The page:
Socio Demographic Determinants of Delivery Practice in Rural Women of Bangladesh
Background: Every year, world wide, 200 million women become pregnant. The development of urban areas allowed women to receive more care and treatment. However, in rural areas such measures are not available to every woman. Data on delivery practice of rural woman may help the social and public health planners and decision makers to minimize and prevent maternal mortality and morbidity ensuring safe motherhood.
Objective: The aim of the study was to observe the delivery practice of rural women of Bangladesh.
Materials and method: A cross-sectional study was conducted and data were collected from Dhamrai upazila, Dhaka, Bangladesh in April 2008. Total 159 women of reproductive age group at least having one child were selected purposively to elicit information on various demographic, socioeconomic, cultural and selected programmatic variables including maternal health care and delivery practices.
Results: Among the respondents about 55% were literate. Majority (80%) of the respondents delivered at home and most of the them (71%) felt that home delivery was comfortable where as about 29% of the respondents were compelled to deliver at home due to family decision and financial constraint. Among the deliveries about 82% occurred normally and 18.2% were by cesarean section. A considerable percentage of deliveries (49%) were attended by traditional birth attendants. Blade was used for cutting umbilical cord in majority of the cases (74%) who delivered at home. Most of the respondents (90%) took ante natal check up and about 74% were vaccinated by tetanus toxoid.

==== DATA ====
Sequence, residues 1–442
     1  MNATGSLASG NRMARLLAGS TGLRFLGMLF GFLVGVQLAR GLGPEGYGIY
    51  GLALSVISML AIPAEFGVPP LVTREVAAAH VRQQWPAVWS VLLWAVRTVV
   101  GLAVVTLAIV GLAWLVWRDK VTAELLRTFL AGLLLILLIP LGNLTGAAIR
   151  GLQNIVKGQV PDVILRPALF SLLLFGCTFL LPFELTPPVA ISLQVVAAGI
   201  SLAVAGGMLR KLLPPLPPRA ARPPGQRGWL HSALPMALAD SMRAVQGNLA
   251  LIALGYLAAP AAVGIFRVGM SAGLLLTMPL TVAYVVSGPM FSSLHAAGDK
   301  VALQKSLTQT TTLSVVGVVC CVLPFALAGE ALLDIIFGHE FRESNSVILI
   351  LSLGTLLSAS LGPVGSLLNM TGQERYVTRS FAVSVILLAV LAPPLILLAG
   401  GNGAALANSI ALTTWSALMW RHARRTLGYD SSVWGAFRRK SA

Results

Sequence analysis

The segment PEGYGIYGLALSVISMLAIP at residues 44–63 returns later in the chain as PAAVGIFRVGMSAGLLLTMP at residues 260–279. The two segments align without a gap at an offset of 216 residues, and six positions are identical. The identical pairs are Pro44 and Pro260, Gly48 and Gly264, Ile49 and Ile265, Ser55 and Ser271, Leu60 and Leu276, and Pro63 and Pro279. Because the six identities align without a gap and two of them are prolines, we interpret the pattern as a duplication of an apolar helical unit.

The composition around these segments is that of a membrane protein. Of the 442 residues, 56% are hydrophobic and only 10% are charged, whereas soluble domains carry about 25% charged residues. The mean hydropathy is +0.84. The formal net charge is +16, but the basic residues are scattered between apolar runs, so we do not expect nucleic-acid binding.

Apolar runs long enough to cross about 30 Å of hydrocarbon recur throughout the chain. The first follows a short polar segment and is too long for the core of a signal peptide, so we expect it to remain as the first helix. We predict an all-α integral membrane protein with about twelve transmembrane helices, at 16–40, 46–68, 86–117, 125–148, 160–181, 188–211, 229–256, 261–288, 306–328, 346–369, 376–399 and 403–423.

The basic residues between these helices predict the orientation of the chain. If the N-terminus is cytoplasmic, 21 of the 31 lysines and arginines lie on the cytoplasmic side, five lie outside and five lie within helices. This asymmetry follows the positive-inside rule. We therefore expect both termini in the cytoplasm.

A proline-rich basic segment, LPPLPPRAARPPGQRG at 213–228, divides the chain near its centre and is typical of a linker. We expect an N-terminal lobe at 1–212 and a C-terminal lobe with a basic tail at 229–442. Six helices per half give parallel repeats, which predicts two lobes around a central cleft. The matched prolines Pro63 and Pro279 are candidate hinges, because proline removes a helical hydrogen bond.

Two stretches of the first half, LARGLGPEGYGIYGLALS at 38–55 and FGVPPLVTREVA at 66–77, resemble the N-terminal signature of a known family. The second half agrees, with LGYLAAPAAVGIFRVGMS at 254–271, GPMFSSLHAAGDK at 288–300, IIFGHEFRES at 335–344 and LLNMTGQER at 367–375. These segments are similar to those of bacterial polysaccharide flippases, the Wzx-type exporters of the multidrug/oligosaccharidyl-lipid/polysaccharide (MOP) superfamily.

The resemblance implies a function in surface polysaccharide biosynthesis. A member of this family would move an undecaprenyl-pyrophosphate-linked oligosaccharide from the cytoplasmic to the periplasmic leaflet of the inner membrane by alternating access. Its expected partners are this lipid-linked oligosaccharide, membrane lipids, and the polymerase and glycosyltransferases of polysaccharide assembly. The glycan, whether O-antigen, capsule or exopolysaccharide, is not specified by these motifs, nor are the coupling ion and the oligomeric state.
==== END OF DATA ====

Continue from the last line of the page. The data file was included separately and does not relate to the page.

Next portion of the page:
Conclusion: The results of the study suggest that a lot of work is still to do for the policy makers and health planners to target, plan, develop and deliver maternal health services to the rural women of Bangladesh.
Delta Med Col J. Jul 2013;1(2):42-45
Copyright on any research article is transferred in full to Delta Medical College Journal upon publication in the journal. The copyright transfer includes the right to reproduce and distribute the article in any form of reproduction (printing, electronic media or any other form).
Articles in the Delta Medical College Journal are Open Access articles published under a Creative Commons Attribution 4.0 International License CC BY License.
This license permits use, distribution and reproduction in any medium, provided the original work is properly cited.